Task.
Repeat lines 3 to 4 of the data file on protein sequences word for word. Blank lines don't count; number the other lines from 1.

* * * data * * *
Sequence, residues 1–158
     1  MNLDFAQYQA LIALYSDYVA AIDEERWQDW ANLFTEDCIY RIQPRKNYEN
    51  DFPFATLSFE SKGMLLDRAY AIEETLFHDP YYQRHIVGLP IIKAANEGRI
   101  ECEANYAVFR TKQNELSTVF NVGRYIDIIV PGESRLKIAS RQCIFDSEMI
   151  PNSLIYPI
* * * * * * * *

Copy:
    51  DFPFATLSFE SKGMLLDRAY AIEETLFHDP YYQRHIVGLP IIKAANEGRI
   101  ECEANYAVFR TKQNELSTVF NVGRYIDIIV PGESRLKIAS RQCIFDSEMI